After Lions gave him an opportunity, WR Josh Reynolds thrilled to call Detroit home

Justin Rogers
The Detroit News

Allen Park — Josh Reynolds' first trip through free agency didn't go as planned. So instead of taking a second crack at testing his value on the open market, the veteran wide receiver recognized he found something special in Detroit and agreed to a two-year extension with Lions days before his contract was set to expire. 

"It was an easy decision," Reynolds said. "As long as we were able to kind of get all the little details right, I was more than willing to come back. I just felt like this was the best move and, honestly, I love the decision I made. Just happy to be here.

Receiver Josh Reynolds had 19 catches in seven games last season with the Lions.

"It feels like home, just even being back in the building," Reynolds continued. "I can't really give you the words I'm trying to get out right now, but I can just tell you, I'm more than happy to be here, man, and I'm ready for this season."

Reynolds took the long way to Detroit, just like he took the long way to the NFL, starting at Tyler Junior College in Tyler, Texas, before transferring to Texas A&M. It was the support of his family, particularly mother Michelle, who picked up half of his tuition tab as a freshman, that helped Reynolds keep pursuing his dreams. 

A fourth-round draft pick for the Rams in 2017, Reynolds averaged 20 receptions his first three seasons prior to breaking out with 52 catches and 618 yards in 2020. That netted him a one-year, $3 million contract from the Titans last offseason. 

There are two driving factors for most NFL free agents: Money and opportunity. The nice thing about the latter is it gives you a chance to earn more of the former. That $3 million represented a nice raise from Reynolds' rookie contract, but the appeal of having a bigger role in Tennessee than he did in Los Angeles was the real draw.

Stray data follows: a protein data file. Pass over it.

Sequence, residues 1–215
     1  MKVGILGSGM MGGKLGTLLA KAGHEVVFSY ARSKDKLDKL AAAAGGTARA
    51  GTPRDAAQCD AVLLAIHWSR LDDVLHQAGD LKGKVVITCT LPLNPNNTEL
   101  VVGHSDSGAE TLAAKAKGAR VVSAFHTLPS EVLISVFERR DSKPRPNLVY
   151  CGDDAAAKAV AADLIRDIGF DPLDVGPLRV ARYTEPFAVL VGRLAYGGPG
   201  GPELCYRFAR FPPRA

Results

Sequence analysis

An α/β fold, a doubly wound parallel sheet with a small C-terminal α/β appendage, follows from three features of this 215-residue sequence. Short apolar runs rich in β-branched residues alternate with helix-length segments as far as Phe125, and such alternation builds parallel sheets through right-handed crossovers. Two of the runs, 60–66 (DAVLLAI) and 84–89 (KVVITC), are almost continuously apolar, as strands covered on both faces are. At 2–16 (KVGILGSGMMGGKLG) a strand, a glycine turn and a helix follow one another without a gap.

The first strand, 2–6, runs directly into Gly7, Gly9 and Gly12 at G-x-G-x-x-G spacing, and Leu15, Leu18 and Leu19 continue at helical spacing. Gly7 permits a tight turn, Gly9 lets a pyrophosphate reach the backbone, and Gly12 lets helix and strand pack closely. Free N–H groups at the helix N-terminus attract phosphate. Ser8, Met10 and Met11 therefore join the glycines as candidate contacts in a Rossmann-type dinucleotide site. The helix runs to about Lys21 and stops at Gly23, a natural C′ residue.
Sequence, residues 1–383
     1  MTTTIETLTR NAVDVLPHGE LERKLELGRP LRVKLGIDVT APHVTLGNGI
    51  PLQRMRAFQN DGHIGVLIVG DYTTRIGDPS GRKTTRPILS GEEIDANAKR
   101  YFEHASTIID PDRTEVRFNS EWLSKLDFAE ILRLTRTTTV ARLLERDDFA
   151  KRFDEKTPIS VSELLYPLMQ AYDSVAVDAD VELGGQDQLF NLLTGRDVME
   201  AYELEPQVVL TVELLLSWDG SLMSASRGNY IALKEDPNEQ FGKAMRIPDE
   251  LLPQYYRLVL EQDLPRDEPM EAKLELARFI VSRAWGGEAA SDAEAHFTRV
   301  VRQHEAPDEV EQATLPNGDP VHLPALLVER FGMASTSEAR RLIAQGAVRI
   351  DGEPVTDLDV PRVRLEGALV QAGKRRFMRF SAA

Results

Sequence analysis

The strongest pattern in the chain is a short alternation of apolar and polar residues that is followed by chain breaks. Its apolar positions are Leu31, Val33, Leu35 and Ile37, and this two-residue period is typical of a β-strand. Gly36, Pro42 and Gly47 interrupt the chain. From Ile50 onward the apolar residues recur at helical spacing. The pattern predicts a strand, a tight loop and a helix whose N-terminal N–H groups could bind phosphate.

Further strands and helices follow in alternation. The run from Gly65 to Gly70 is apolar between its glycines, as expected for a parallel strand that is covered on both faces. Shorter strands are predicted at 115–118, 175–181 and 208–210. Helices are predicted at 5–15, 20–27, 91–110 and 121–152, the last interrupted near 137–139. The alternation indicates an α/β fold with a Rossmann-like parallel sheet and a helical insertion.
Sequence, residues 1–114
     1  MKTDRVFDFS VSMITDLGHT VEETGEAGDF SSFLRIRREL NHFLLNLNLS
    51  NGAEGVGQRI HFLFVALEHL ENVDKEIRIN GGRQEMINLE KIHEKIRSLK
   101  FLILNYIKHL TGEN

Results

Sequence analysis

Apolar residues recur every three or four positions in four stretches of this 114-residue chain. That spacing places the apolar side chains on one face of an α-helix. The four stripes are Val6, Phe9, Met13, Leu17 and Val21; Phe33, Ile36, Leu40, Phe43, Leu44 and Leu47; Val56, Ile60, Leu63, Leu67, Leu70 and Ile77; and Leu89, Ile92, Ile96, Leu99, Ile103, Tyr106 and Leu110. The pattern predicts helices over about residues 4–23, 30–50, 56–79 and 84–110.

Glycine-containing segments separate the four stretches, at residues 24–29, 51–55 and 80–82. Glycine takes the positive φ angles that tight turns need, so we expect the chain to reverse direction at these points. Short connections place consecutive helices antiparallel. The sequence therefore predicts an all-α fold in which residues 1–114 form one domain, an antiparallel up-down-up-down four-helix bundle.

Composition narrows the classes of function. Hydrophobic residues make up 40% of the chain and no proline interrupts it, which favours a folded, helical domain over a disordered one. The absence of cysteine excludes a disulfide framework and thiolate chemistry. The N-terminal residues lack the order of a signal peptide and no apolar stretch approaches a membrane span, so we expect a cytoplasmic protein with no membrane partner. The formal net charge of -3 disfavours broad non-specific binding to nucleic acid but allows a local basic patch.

Unfortunately, that opportunity dissipated a few months later, when the Titans traded for Julio Jones. And with just 13 targets through five games last year, Reynolds realized it wasn't going to work out with the Titans, so he requested his release. 

The Lions, desperate for receiving help, claimed Reynolds off waivers. Here, he quickly rediscovered chemistry with quarterback Jared Goff, his former Los Angeles teammate, hauling in 16 passes for 259 yards and two touchdowns in their first four games together in Detroit. 

"It wasn't an opportunity that I got with the last team I was on," Reynolds said. "They came in with full trust in me and kind of let me do my thing. That just showed how much trust they had in me. That was a big reason why I was also looking forward to getting this deal done with them."

Even after re-signing Reynolds, the Lions intend to be in the market for additional upgrades at wide receiver. Still something of a newcomer, he didn't want to speculate on what type of player the team needed to add to the room, only saying whoever they might add will be welcomed with open arms. 

But Reynolds knows well what a loaded receiving corps can do to a defense, having shared the field with Cooper Kupp and Robert Woods in Los Angeles. 

"When you can't focus on double-teaming one person or even just two people, it makes it tough on them," Reynolds said. "You got to defend all angles of the field just with all the different misdirection stuff we had — I mean, it's very dangerous having depth like that. To be able to not have to worry about fall off or anything on offense. To be able to have that is crucial."

Twitter: @Justin_Rogers